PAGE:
SOUND OR SILENCE?
Read chapter 19 of Sh’mot and see how many words are about noise – thunder, lightning, voice, speech. Read midrashic commentary and see how many words are about silence – hush, quiet, serenity, calm.
Which set of words is more true? They both are. The Giving of the Torah was sound amid silence – or silence amid sound.
There are two ways of communication, in sound and in silence. There are times for sound, especially when the Divine voice proclaims the eternal verities. There are times for silence, when the attentive world hears every nuance and is awestruck at the grandeur of the moment.
In human history there are times when silence is courage, such as when Aaron sees the tragedy that befalls his sons who sin, and Aaron remains silent – perhaps because he realises the justice of the Divine punishment, perhaps because he cannot and must not find the words to cry out.
There are times, though, when silence is crass cowardice, when evil abounds and the good people hold their peace – perhaps because they are afraid that they will draw attention to themselves and be the next to be attacked, perhaps because they haven’t the nerve to stand up, speak up and be counted.
The glory of being human is that the decision is up to us, whether to utter a sound or hold one’s tongue.
THE VOICE OF CONSCIENCE.
Moses assures God that the people will not break discipline and go up the mountain against Divine instructions (Ex. 19:23). His actual words are, “The people cannot (‘lo yuchal’) go up”.
The reader can’t understand this. What does Moses mean – they cannot go up? Of course they can. The only thing stopping them is that God said not to.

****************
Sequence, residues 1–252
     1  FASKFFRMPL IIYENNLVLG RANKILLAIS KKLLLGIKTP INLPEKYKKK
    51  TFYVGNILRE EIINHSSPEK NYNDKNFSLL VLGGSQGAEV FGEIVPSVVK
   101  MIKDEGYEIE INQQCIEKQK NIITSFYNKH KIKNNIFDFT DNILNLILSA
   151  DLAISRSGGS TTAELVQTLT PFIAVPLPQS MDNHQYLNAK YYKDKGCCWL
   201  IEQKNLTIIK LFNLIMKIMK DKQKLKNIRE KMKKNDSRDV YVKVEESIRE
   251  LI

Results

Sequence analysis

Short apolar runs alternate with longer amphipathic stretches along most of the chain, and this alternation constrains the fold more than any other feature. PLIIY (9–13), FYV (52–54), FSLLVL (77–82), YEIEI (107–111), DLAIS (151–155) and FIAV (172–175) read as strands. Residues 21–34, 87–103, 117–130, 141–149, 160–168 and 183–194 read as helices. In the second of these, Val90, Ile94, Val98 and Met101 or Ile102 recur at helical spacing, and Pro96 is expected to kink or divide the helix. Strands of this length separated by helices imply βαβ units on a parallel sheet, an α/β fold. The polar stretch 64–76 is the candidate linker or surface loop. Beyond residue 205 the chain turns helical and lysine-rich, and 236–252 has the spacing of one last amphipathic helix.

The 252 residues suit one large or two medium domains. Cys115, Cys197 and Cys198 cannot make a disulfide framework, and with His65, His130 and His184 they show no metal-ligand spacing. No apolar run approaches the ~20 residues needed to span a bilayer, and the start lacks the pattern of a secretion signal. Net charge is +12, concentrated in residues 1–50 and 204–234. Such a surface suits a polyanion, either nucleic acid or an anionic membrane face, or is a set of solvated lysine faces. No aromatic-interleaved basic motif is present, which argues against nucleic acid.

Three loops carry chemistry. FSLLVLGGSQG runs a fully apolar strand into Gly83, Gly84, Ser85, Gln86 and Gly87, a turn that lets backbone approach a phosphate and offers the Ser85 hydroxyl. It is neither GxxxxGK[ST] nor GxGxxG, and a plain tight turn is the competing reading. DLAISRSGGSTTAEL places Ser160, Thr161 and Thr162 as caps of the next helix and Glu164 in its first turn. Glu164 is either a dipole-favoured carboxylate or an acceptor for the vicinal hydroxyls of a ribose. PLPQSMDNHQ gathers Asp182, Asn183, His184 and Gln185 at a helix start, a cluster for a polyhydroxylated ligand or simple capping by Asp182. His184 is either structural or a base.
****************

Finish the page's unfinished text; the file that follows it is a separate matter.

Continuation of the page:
But Moses is telling us something quite remarkable – that an Israelite who is not allowed to do something finds that he simply cannot do the forbidden thing. His inner conscience says “no”, and all the instincts in the world cannot allow the prohibited thing to be done.
The same phenomenon is found at the end of Sh’mot (Ex. 40:35) and in a number of other places in the Torah. The notion is that a person simply cannot do what is wrong. Like Joseph, a person is tempted to commit an iniquity. But like Joseph, after all the agonising about the temptation, doing the sin is morally (can one also say, physically?) impossible.
Our modern minds find this, of course, very difficult to understand. Our age is one when everything is a matter of choice, even committing a sin. Every option is a real option. Some people deliberately embrace the option of sinning. They defiantly do what they know they have been warned against, and they say, “Look, everyone, there’s no hellfire or brimstone, so it must be all-right to do what I’ve done!”
Very nice, but surely the voice of conscience has something to say, later if not immediately?
THREE-POINT AGENDA OF SPIRITUAL LEADERSHIP.
Moses gave his father-in-law Jethro an account of what he did as leader of the Israelites:
“The people come to me to seek God; when they have a matter in dispute, they come to me and I judge between one and another, and I make them aware of the statutes of God and His laws” (Ex. 18:16-17).
The Ramban (Nachmanides) explains that this verse encapsulates the tasks of a spiritual leader. He must pray for
everyone who is in difficulty (“the people come to me to seek God”). He must promote peace in the community (“I judge between one and another”). He must teach the people Torah (“I make them aware of the statutes of God and His laws”).
The role of the rabbi encompasses all three tasks – helping human beings, creating understanding and dialogue, and teaching the Torah. But the emphasis varies between one rabbi and another, and no two rabbis are identical.
It sometimes happen that communities compare rabbis and wonder why their rabbi is not like the rabbi of a different community – maybe more approachable, more spiritual, more intellectual, more charismatic – but they all have their strengths and their weaknesses.
So do the communities themselves. Rabbis compare communities just as communities compare rabbis; and though the rabbi’s own community may be a disappointment in some ways, the rabbi who can only see the bad points has quite a problem with his eyesight.
Rabbi Apple served for 32 years as the chief minister of the Great Synagogue, Sydney, and was Australia’s highest profile rabbi and the leading spokesperson for Jews and Judaism on the Australian continent. He is now retired and lives in Jerusalem. Blog: http://www.oztorah.com